Local officials are eagerly awaiting the results of a study that could be the first step in what ultimately results in a Florence-based medical school.
On Monday, the Florence City Council unanimously approved the spending of $25,000 toward a feasibility study examining the possibility of establishing an extensive medical program partnership between the University of South Carolina School of Medicine, Francis Marion University and the Florence’s two major medical providers, McLeod Regional Medical Center and Carolinas Hospital System.
The study will examine the impact of having third- and fourth-year medical students training alongside physicians at the two Florence hospitals, and leaders say it could lead to a full-fledged medical program complete with a campus located in downtown Florence.
It’s a possibility that Florence Mayor Stephen J. Wukela said would fundamentally change the area in ways that cannot be underestimated.
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“This project, if it came to fruition, would without doubt be the largest thing I’ve been involved in since being mayor,” Wukela said. “And would likely rival anything that the city has done in decades.”
The study, which costs a total of $55,000, was commissioned by the Pee Dee Health Education Partnership, which is comprised of McLeod Regional Medical Center, Carolinas Hospital System, USC School of Medicine and FMU, will focus primarily on the feasibility of bringing those third- and fourth-year medical students to Florence.
The plan, according to a number of officials close to the project, would be to have those medical students study clinical work with physicians at McLeod and Carolinas, but has the potential to expand well beyond that and encompass already existing curriculum at Francis Marion, perhaps leading to a health university center being built in downtown Florence somewhere near the FMU Performing Arts Center.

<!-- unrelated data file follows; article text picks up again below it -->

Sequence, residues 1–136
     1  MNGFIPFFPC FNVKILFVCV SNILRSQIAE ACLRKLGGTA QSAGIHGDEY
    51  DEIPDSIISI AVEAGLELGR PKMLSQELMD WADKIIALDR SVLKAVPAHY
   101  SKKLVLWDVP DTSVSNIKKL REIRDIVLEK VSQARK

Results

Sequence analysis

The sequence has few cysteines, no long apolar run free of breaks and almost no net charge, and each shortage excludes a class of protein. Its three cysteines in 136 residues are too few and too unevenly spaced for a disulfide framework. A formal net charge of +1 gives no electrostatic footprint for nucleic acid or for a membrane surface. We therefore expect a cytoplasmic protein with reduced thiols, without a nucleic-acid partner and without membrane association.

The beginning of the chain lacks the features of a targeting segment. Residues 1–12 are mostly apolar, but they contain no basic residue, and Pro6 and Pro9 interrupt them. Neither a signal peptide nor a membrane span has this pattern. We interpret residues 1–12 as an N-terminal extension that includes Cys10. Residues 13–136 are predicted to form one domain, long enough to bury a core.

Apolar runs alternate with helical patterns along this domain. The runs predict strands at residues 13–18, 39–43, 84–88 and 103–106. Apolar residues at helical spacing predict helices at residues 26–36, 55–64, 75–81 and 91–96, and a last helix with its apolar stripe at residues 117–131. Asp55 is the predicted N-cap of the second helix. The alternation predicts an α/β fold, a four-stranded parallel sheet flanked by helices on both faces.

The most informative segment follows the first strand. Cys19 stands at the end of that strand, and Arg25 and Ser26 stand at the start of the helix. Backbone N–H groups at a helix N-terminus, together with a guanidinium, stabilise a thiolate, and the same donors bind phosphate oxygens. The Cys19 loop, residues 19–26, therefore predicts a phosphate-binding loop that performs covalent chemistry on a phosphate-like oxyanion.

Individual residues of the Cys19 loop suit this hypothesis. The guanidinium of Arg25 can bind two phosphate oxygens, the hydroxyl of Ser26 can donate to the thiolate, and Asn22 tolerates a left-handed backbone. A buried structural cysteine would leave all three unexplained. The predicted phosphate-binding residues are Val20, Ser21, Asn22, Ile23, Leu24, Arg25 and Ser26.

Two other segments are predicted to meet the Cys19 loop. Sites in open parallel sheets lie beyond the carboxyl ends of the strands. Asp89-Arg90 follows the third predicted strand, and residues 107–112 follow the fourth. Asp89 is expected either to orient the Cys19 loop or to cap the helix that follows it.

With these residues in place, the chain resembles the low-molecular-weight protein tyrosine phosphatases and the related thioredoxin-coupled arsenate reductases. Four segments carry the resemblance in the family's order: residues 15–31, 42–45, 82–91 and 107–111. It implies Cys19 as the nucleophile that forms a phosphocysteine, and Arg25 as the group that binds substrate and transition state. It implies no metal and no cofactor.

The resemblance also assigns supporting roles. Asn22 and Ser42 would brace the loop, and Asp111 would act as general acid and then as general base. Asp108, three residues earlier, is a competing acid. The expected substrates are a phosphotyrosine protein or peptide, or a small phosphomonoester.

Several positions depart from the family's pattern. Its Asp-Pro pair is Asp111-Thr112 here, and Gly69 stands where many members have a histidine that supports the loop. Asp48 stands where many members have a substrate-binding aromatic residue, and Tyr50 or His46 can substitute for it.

Dr. Fred Carter, Francis Marion’s president, declined to comment on the project in much detail and said he hoped the study would answer many of the questions on accommodating the medical students and the impact it would have on the university and the community.
“We’re eagerly anticipating what this feasibility study tells us,” Carter said. “There are some very, very exciting opportunities here for the university and for Florence.”
Francis Marion has begun expanding the medical training programs already in place. In three weeks, the university will begin teaching graduate courses in nurse practitioner and nursing education, brand new programs for 2013 that will accommodate 40 students and look to expand greatly in the future.
Any expansion of the university’s medical studies would significantly impact the building of a downtown medical center. The possibility of FMU beginning a physician’s assistant graduate program has been discussed as the university’s next step for its health curriculum, and has several officials close to the study saying having graduate students and third- and fourth-year medical students coming to the area would be a “game-changer” for the local economy and health services throughout the region.
“It could fundamentally change not only the nature of downtown Florence, but of Florence as a whole,” said Wukela. “The idea of having a burgeoning medical school in this community that would feed physicians into these two major hospitals, that would also serve to resolve this dramatic shortage we’ve had of physicians in this community and in the Pee Dee. Added, upon which, the prospect of having medical students and nurse practitioner students in downtown Florence, eating and drinking and living, would fundamentally change the nature of this community.”